Nukumaru battle (part 2)


Nukumaru battle, that started General Cameron's campaign into South Taranaki in early 1865


Video & Story Credits: Darren Ngawera,  A walk through old South Taranaki with a Maori Descendant

A walk through old South Taranaki with a Maori descendant is one persons research and collection from various sources, centered around the documentation of the Maori prisoners sent to Otago in 1869.

Nukumaru battle

Nukumaru battle (part 2) Its been about 6 months since I posted anything on here, been busy at mahi but thought I would share some info that has been shown to me recently and also a bit more drone footage of the area, so thanks to Glen Zehnder for sharing his research and the farmer LLoyd who allowed us on the property, this is part 2 of the Nukumaru battle, that started General Cameron's campaign into South Taranaki in early 1865.

There is a few new facts mentioned in the newspaper article that I have not seen before. The uru-paa or grave site that was there before the battle and must have been connected to Nukumaru paa. I knew the Maaori killed and buried here, which was recorded at around 11-12 were buried in the hills at the back of the camp somewhere in the hills and I have tried to mark this on a map althoughI am not exactly sure where it was but this is not the gravesite mentioned in the article with the white palings and slab at one end.

The strategy used by the taua that numbered less than half of the British armies 2000 men to attack a British army camp from different sides was most likely never aimed at defeating an army this size but to fight then retreat back to their fortified paa, with the hope this British army would be compelled to attack Weraroa paa only a few kilometers away.Anyway for those interested, it is still worth reading the first article I posted about Nukumaru before this one, this article is from the New Zealand Chronicle from 1865 and only a few weeks after the battle, the article is aimed at a Pakeha audience but still interesting reading. From reliable Maaori accounts they lost around 20 warriors at this battle, the Nukumaru redoubt was probably not built at this time but a short time after and all signs of it have disappeared but an old 1940's aerial photo is shown at the end of the video. The first video with the tractor shows where the first attack occurred on the picket that was near where the milking shed now stands, and the gulley was used by the warriors to escape.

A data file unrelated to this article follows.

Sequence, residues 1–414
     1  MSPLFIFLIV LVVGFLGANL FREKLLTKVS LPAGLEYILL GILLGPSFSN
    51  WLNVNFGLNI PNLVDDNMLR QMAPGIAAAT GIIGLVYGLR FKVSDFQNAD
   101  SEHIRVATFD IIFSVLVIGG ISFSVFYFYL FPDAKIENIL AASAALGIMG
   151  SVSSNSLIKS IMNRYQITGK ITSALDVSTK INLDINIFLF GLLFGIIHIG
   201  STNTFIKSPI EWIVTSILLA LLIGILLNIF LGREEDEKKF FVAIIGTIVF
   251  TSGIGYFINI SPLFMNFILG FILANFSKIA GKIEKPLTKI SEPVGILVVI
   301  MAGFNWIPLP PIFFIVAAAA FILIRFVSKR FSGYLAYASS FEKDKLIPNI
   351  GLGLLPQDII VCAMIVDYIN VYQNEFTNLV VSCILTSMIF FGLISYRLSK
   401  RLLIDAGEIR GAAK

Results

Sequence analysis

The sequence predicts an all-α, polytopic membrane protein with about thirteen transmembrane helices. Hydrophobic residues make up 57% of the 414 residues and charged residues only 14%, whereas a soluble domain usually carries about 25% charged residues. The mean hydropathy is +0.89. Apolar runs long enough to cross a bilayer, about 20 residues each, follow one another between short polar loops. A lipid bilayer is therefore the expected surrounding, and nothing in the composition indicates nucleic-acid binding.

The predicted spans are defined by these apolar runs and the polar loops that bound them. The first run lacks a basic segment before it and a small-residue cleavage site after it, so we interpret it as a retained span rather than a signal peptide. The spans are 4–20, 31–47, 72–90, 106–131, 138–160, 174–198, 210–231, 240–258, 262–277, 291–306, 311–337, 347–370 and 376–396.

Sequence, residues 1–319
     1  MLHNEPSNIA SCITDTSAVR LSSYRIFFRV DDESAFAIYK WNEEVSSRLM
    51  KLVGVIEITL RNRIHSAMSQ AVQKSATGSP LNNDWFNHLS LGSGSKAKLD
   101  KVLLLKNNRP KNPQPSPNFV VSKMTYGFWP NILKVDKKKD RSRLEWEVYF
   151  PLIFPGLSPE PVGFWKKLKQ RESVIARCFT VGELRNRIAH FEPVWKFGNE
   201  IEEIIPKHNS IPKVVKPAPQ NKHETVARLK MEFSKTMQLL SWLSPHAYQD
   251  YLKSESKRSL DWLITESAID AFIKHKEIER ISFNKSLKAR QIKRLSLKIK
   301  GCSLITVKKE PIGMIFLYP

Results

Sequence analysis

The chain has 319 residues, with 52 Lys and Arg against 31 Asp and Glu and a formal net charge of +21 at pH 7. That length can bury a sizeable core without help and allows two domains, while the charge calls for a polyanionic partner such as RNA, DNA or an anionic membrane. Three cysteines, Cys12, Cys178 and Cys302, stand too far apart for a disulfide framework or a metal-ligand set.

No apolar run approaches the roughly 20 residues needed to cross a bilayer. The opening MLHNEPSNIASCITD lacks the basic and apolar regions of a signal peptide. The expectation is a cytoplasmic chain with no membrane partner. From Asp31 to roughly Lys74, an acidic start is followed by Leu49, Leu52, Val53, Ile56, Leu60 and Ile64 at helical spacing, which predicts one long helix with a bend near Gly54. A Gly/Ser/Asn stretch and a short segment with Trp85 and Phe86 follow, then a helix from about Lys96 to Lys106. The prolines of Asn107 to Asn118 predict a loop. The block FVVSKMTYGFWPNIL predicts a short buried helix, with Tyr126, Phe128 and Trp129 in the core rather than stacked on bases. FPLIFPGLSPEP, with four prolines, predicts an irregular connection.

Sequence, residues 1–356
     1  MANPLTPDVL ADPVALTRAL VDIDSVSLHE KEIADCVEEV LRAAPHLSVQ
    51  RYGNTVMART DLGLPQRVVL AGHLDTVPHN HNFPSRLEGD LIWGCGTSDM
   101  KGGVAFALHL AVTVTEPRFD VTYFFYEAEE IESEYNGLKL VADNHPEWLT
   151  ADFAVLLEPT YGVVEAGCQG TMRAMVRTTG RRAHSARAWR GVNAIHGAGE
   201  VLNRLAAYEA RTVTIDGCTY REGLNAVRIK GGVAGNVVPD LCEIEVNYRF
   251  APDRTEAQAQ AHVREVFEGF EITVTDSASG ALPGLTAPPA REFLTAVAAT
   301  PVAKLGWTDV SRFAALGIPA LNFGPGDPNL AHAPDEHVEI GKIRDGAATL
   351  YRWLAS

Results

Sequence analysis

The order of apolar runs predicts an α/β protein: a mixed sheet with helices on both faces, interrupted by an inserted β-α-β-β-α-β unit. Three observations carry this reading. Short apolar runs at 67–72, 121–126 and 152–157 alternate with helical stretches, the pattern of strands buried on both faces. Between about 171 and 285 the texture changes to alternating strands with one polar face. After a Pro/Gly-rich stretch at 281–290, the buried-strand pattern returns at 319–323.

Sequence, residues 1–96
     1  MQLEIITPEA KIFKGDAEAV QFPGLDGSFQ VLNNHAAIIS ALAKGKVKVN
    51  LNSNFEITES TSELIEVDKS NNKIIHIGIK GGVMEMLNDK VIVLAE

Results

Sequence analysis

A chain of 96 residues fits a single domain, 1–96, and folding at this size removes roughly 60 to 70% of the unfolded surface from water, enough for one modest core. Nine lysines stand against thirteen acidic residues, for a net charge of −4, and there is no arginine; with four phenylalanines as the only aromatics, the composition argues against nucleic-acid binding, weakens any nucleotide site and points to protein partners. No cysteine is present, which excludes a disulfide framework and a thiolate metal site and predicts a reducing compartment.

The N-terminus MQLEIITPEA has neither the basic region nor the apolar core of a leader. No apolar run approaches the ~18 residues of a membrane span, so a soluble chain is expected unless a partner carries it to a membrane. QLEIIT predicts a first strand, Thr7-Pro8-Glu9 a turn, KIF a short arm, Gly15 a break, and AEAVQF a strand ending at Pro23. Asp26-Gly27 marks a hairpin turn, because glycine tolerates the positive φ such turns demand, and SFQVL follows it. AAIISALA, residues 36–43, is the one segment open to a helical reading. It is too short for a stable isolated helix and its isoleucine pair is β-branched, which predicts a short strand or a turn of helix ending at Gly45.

A painting from this time shows some soldiers at one of these pickets and is included in the vid. The second and main attack by the Maori army was through the deserted village of Nukumaru and the Maaori got within 50yards of the British camp before retreating. I had not heard Te Kaokao was one of the main strategic chiefs but TuPatea mentions Te Ngohi Patohe so possibly a combined effort from these two chiefs and possibly leading the different groups. Te Kaokao is a well known Waikato/Ngati Maniapoto chief who opposed the Europeans throughout the NZ wars but before this article I had not known he was at Nukumaru. I have tried to add the locations of pickets, forts, attacking areas and camp based on the maps and other research, my skills are a bit amateur here but there is no markings or signs of these today. I am also working on the previous writings/videos for spelling and macrons so to those proficient Te Reo speakers apologies there, my go to Archie Hurunui is no longer with us but it is being worked on so this is my 2022 write up which may include the forts.

The following is from the New Zealand Chronicle 11th Feb 1865:THE WAR AT WANGANUI.ENGAGEMENT AT NUKAMARU.

From papers received yesterday we are able to give the following particulars of the engagement with the Maoris at Nukamaru. on the 25th January, a short notice of which we received by the previous mail from Wellington and which is printed in another part of our paper. The Wanganui Chronicle says that the attack on our troops was made under the directions of Te Kaokao, a Waikato chief, who has a great reputation for military skill, and thus describes the ground on which the engagement took place : —That our readers may better understand the nature of the engagement, the ground may be described on which it took place. 

Those who have visited the Waitotara block will at once recognize the position of the camp, when we mention that it is pitched close to a Maori grave surrounded by a white paling, and having a high slab at its end, on the top of a rising ground near the Paetaia Lake. All who have visited the country within the last five or six years must have seen the grave, which occupies a prominent position, and they will no doubt remember the landward side of it. For the benefit of others it may be mentioned that along the sea coast there run ridges of sand hills, which have been formed by the wind blowing the sand from the sea shore ; those ridges, at some distance from the sea, being covered with fern. 

At this point the most inland of these ridges is about three miles from the sea, and runs to almost a straight line parallel with the coast. It is closed with fern, and rises about fifty feet above the ground immediately inland. On the top of this ridge stands the white paling of the grave already mentioned, a person standing at this grave, and looking inland, has the whole of the field of battle spread out before him. Immediately in front, about fifty feet below him, and within fifty feet horizontally of his position, stand the tents occupied by the soldiers.